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"BARDSEY ISLAND, an island in St. George's Channel, off the coast of Carnarvonshire, North Wales. It is an extra-parochial place in the hundred of Commitmaen, and county of Carnarvon, situated near the extremity of the peninsula which forms the north boundary of Cardigan Bay. It is between 2 and 3 miles in length, and 1 mile in breadth, comprising an area of about 370 acres, and is separated from the mainland by a channel about 3 miles broad. This channel, from the rapidity of the current through it at times, is called Bardsey Race. From the same circumstance the island received the name of Inys Enlli, or "isle of the current."
From a very remote period it was a favourite resort of such as desired religious retirement. The Culdees are said to have had an establishment here before the 6th century; and in 516, after the massacre of the monks of Bangoris-y-coed, Dubricius, Archbishop of Caerleon, resigned his see and took up his abode in this lonely island. It thus acquired the designation of the "Isle of Saints." Its present name is of Saxon origin, and denotes that it was a retreat of the bards. An abbey was founded here at an early period, probably by St. Dubricius, which flourished till the Dissolution, under Henry VIII., when its revenue was £58. There are no remains of the building, but near its site graves have been discovered lined with stone or tile.
Ruins of an ancient oratory exist in the island, consisting of an apartment with a atone altar, in which religious services are occasionally performed. The north-east part of the island is mountainous, with perpendicular cliffs, which bold climbers explore for the eggs of sea-fowl deposited among them. The natives are chiefly employed in fishing, and their boats are secured in a small harbour on the south-east side of the island-the only side accessible from the sea. A lighthouse was erected in 1821; it is 146 feet high, and the light is visible at the distance of 15 miles."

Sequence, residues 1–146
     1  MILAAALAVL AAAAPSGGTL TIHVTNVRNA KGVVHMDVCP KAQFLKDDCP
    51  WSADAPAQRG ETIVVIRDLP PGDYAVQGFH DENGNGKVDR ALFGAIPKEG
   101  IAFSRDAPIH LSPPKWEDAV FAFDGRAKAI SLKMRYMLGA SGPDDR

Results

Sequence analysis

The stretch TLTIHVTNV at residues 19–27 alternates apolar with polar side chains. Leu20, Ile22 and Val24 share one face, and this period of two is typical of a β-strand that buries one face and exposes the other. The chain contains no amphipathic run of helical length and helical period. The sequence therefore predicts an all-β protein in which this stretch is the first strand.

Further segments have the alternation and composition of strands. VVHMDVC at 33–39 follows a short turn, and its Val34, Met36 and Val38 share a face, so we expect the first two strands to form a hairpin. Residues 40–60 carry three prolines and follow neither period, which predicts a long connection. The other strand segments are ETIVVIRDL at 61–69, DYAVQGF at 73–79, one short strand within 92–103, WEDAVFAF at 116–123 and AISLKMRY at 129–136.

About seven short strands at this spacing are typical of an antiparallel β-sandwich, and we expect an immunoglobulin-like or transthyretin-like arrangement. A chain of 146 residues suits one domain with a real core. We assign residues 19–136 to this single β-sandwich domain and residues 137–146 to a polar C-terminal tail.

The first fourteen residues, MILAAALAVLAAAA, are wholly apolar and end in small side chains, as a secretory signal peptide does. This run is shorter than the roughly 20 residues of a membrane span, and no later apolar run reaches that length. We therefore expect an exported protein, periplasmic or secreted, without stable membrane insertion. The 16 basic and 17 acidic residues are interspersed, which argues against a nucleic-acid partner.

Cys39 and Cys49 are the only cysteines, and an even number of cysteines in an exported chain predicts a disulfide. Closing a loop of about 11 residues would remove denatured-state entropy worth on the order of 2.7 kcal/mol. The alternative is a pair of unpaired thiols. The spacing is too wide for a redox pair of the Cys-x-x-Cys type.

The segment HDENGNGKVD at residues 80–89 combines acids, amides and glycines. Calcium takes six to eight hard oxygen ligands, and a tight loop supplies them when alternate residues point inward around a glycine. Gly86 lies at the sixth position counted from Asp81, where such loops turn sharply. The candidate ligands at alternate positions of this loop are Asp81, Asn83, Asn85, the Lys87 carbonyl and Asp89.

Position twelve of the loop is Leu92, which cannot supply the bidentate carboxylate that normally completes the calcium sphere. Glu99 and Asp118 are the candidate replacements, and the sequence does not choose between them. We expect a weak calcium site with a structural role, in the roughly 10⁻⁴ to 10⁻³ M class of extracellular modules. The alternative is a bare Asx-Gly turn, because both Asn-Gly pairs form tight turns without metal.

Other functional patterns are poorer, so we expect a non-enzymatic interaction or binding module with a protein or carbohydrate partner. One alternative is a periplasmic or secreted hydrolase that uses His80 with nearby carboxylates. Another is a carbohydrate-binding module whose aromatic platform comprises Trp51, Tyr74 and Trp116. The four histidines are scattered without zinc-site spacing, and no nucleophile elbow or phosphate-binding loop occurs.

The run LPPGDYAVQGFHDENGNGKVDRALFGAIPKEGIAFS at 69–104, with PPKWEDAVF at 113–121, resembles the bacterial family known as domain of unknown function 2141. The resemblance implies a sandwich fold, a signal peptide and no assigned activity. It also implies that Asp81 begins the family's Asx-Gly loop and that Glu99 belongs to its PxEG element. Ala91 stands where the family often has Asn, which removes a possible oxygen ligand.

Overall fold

"CEGID RIVER, passes under the viaduct, 600 feet long, on the Holyhead and Chester railway, and falls into the sea at Port Penrhyn, in the county of Carnarvon."
"COMMITMAEN, a hundred in the south-western part of the county of Carnarvon; contains Bardsey-Isle, Llandegwning, Rhiw, Aberdaron, Bodferin, Pen-llech, Llanengan, Myllteyrn, Bryncroes, Llan-faelrhys, and Llangwnadle."
"CREUDDYN, a hundred in the county of Carnarvon, contains the parishes of Llandudno, Eglwys-Rhos, Llangwstennin, Llys-faen, and part of Llandrillo-yn-Rhos."
"DINLAEN, a hundred in the county of Carnarvon, contains the borough of Nevin, and the parishes of Bodvean, Aber-Erch; Ceidio, Llandwdwen, Edeyrn, Pistil, Llaniestyn, Tydweiliog, and part of Llamnor."
"EVIONYDD HUNDRED, one of the subdivisions of county Carnarvon. It is situated in the southern part of the county, and contains the parishes of Beddgelert, Criccieth, Dol-ben-maen with Penmorfa, Llanarmon with Llangybi, Llanfihangel-y-Pennant, Llangybi, Llanystyn-dwy, Penmorfa, Tref-llys, and Ynys-cynhaiarn with Criccieth. It gives name to a deanery in the archdeaconry of Merioneth and diocese of Bangor."